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Astronomy 1020-H Stellar Astronomy Spring_2015 Day-28.

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Presentation on theme: "Astronomy 1020-H Stellar Astronomy Spring_2015 Day-28."— Presentation transcript:

1 Astronomy 1020-H Stellar Astronomy Spring_2015 Day-28

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3 Course Announcements Smartworks Chapter 13: Friday-ish No Class Friday (Good Friday) Smartworks Chapter 14: Next Week Apr. 2 – Last day to drop a class. 2 Dark night observing sessions left: Mon. Apr. 13 & Thurs. Apr. 16 Reports are due Wed. Apr. 22 Solar Rotation Project due Mon. Apr. 27 Exam-3: Fri. 4/10

4 Astronomy in the Fall, 2015 ASTR-1010/ Planetary Astronomy + Lab (H,R) ASTR-1020/ Stellar Astronomy + Lab (R) ASTR Problems in Planet Astronomy ASTR Intro. to Observational Astronomy ASTR-4000/4001 – Astrophotography & Lab ASTR-3030/3031 – Methods & Techniques in Astronomy(*) ASTR-4170 – Special Topics in Astronomy (?) Photometry and Filter Systems

5 Star Clusters We’ll come to these, but star clusters are the key to understanding stellar populations. Same age. Same chemical composition. Same distance.

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8 Concept Quiz—The Main Sequence Which of the following statements about the main sequence is not true? A.Hotter stars are more massive. B.More massive stars are more luminous. C.Hotter stars are more luminous. D.Most main sequence stars are more luminous than the Sun.

9  Not all stars are on the main sequence.  Remember Stefan- Boltzmann.  Some stars are cool but very luminous: giants or supergiants.  Some have low luminosity but are very hot: white dwarfs.  Different luminosity classes.

10 The H-R Diagram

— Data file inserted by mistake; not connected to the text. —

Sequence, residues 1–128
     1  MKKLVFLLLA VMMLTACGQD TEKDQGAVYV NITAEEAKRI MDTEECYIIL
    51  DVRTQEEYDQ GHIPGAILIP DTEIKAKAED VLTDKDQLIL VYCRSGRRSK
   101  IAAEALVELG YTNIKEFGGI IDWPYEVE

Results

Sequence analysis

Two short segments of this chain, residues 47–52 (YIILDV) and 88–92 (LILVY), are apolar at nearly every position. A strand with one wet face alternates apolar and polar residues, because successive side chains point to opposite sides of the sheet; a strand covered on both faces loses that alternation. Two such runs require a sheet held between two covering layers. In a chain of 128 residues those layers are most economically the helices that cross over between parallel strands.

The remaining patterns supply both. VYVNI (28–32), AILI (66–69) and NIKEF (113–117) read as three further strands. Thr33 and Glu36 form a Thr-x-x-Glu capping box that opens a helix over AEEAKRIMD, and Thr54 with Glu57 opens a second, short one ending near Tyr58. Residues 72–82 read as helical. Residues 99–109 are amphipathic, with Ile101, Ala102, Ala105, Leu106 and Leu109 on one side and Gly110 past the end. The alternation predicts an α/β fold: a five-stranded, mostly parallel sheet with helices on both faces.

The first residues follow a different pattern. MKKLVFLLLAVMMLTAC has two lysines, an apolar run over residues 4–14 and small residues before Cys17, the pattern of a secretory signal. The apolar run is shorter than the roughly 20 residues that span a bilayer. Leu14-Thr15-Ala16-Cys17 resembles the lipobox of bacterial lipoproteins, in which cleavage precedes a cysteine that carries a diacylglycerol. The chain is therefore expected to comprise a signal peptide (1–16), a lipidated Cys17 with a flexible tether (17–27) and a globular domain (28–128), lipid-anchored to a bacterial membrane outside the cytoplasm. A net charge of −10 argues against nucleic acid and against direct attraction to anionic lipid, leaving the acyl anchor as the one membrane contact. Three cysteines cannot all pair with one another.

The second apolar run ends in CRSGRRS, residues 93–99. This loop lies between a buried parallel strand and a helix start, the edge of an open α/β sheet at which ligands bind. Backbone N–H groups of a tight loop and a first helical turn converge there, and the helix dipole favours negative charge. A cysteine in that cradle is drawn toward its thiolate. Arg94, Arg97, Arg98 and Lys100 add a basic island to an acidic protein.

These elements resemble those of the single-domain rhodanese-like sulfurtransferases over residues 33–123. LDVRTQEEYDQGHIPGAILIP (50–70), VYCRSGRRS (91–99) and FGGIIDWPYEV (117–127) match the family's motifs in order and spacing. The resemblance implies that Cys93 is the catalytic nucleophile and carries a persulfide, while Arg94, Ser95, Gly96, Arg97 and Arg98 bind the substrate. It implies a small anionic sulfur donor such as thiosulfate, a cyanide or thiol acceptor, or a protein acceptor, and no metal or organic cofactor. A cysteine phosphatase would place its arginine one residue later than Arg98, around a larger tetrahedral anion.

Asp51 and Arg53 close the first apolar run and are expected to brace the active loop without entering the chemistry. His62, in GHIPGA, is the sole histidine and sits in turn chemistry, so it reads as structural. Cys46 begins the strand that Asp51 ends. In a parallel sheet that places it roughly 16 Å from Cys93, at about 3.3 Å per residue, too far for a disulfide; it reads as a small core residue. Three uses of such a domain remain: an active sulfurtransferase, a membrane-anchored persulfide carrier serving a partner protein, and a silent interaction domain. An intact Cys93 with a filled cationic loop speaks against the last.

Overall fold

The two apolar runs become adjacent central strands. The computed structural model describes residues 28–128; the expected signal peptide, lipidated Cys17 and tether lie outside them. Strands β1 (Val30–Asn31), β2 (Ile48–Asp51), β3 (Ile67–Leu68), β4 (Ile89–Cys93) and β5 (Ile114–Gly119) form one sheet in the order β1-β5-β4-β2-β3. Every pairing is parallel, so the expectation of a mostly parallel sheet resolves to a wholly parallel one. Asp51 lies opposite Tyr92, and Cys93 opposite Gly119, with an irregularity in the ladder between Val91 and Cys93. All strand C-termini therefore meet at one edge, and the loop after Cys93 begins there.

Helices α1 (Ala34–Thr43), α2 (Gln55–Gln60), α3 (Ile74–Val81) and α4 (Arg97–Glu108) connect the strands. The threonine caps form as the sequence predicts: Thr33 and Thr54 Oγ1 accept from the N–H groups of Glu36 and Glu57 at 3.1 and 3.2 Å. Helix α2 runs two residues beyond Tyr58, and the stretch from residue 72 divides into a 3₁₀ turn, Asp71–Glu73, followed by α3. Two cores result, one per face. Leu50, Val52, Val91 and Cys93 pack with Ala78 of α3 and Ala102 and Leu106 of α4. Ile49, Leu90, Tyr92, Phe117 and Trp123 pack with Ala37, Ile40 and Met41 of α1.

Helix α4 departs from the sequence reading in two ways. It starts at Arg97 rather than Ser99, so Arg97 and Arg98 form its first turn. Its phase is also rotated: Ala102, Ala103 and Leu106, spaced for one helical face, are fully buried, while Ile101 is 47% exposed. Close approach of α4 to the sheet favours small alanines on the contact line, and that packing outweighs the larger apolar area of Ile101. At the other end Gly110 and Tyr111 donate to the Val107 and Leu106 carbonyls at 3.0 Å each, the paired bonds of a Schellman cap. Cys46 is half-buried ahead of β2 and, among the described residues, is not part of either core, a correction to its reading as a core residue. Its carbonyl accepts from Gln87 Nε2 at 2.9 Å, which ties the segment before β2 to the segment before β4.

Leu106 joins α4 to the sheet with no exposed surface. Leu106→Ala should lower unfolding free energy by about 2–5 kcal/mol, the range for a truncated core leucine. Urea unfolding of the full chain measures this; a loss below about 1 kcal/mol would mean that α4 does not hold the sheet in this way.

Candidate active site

11  Different temperature stars have different habitable zones: regions where life as we know it could be supported.  Water must be able to exist as liquid.  So far, only a few planets have been found in the habitable zones of their stars.

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13 Toolbox

14 The Sun

15 The Sun is the Largest Object in the Solar System The Sun contains more than 99.85% of the total mass of the solar system If you put all the planets in the solar system, they would not fill up the volume of the Sun 110 Earths or 10 Jupiters fit across the diameter of the Sun How big is the Sun?

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17 How Do You Describe a Stable, Main Sequence Star? 4 Structure Equations: d M /dr = 4  r 2  dP/dr = G M  /r 2 dT/dr = -3  L /  r 2  T 3 (rad) dT/dr = 0.4(T/P)dP/dr (conv) d L /dr = 4  r 2  4 Auxiliary Equations: P =  kT/  m H (IGL) P = k   (AGL)  =  0 Z(1 + X)  T -3.5 (opacity)  =  0 X 1 X 2  T (Energy gen.) = ~4 (pp); ~20 (CNO)

18 How Do You Describe a Stable, Main Sequence Star? Loosely: A self-gravitating sphere of mostly Hydrogen (74%) and Helium (24%) in hydrostatic equilibrium with the inward gravitational force balanced by an outward radiation pressure, powered by Hydrogen fusion in the core.

19 Structure of the Sun We only see the outer layers of the Sun. Physics tells us about the interior. Key idea: hydrostatic equilibrium. At each point there’s a balance: Outward pressure = inward force of gravity. Rate of energy emitted = rate produced in the core. Density, temperature, pressure increase towards the center.

20 Interior of the Sun

21  We only see the outer layers of the Sun.  Physics tells us about the interior.  The Sun must be in balance to have existed in a constant state for billions of years.

22  At each point in the Sun there is balance:  Hydrostatic equilibrium: outward pressure = inward force of gravity.  Solar energy production must equal what is radiated away.

23  Density, temperature, and pressure increase toward the center  creating the necessary conditions for nuclear fusion.


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